# Net zero is not expensive?

| Posted in Mechanicals on

I’m having a home built and am trying to go net zero with PV and an all electric home. The solar guy and some contractors are very surprised when I say it can be done with 4 kw of panels and fairly standard construction and heating system. I’d like to run my numbers by the wise advisers here and you can tell me if I’m wrong.

The new home will be about 2200 SF, conditioned crawlspace, sun tempered. 24000 btu/h heat load. Sunny colorado, zone 5B, 7000 heating degree days. Heating will be by heat pump forced air, details TBD). HPWH will be in suntempered insulated shop, possibly ducted cold exhaust to garage. For comparison, current home is 2000 SF + basement, slightly sun tempered, insulation and windows about what you’d expect in a 22 yr old tract home, gas furnace & WH.

I’ve put together a model in energyplus and am getting pretty similar numbers to what I’ve come up with in a simple spreadsheet based on current usage.
Current annual usage:
Elec: 3650 kwh/y ( I assume no change here even tho we will have new appliances)
Ngas: 9317 kwh (318 therms)
Splitting up the Ngas usage into DWH and heating I estimate
DHW: 2000 kwh
Heating 7317 kwh
Assuming current water heater is 75% efficient and new HPWH will have a COP of 2.5
DHW: 600 kwh (2000*0.75/2.5)
Assuming current furnace is 75% efficient, new home will have heat loss and solar gain giving 30% reduction in heat load, and a 33% increase in heat load due to increased heating degree days for location change, and an effective COP of 1.75 for the heat pump. I’m basing this COP from a HSPF of 10 and a 40% reduction for the colder climate (http://www.fsec.ucf.edu/en/publications/html/FSEC-PF-413-04/)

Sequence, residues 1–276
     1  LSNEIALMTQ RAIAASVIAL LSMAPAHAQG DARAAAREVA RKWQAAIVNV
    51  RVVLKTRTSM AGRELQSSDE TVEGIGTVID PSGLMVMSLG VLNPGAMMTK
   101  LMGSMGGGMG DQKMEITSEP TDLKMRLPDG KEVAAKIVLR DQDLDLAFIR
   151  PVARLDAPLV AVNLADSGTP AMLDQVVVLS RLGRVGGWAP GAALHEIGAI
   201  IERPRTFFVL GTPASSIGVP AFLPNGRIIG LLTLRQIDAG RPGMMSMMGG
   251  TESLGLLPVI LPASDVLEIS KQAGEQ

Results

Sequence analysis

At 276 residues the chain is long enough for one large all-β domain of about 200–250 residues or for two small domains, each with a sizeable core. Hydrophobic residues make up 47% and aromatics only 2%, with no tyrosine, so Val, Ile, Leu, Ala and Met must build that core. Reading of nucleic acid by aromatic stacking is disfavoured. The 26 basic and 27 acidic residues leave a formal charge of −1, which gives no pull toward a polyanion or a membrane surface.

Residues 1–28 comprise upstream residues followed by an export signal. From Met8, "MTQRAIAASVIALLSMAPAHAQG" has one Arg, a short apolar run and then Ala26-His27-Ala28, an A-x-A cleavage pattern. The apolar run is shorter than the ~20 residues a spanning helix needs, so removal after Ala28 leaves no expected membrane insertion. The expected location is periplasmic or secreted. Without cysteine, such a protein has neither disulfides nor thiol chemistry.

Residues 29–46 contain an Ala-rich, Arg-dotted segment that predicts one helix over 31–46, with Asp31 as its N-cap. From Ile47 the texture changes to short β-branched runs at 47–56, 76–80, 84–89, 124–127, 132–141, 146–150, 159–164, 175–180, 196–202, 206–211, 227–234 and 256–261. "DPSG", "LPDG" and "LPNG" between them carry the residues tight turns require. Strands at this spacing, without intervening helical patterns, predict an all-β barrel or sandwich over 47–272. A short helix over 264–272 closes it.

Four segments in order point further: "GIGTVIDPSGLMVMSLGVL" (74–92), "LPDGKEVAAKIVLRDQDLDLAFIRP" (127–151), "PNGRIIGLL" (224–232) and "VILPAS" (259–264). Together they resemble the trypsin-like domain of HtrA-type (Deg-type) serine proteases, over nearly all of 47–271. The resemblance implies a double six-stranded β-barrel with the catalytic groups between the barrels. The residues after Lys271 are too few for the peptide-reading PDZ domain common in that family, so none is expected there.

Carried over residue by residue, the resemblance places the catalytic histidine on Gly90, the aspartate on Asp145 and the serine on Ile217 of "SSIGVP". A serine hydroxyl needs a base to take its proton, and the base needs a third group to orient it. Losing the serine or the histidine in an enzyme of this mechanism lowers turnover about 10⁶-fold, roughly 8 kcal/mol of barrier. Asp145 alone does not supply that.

Heating: 2919 kwh (7317*0.75*0.7*1.33/1.75). Pretty close to what I get from the eplus model

Total, 7169 kwh (3650+600+2919)

Using nrel pvwatts, this means I need a 4.0 kw PV array.

I’m looking for feedback on any errors I may be making since I don’t see many net zero houses this size with an array this small.

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### Replies

1. | | #1

Brad- My only source of comparison is my own house in Maine, zone 6. About 1650 square feet of conditioned space. Heat load calculated at 12000 btu/h at 0F design temp.

Our 6.6kw solar array will produce about 8200 kwh for the year 10/15 to 9/16. CO is sunnier, but your projected output seems high.

Our use will be about 10,000 kwh, but we have an electric resistance water heater and a hot tub. without them, we'd be at about 8,000.

2. GBA Editor
| | #2

It's possible to design and build a net-zero-energy house that requires only a 4-kW PV array.

In fact, the first net-zero house in the U.S. (that is, the first to document 12 months of net-zero energy use), the Habitat for Humanity house in Wheat Ridge, Colorado, has a 4-kW PV array. (That milestone was reached at the end of September 2005.)

The Wheat Ridge house measures 1,196 square feet.

3. | | #3

Thanks,
Stephen, my projected output came from nrel's PVwatts online calculator.
Martin, thanks for reminding me of that house, I read about it a while back & just reread some articles on it. That interesting, but it isn't a good apple-apples comparison since it is half the size, they have solar thermal for DHW and gas furnace for heat. For today's tech & costs it doesn't seem like a good cost-effective design, but maybe it made sense back then. 4 KW seems like a lot of panel with the solar DHW, but they did have a surplus, and probably have some shading being in the city.

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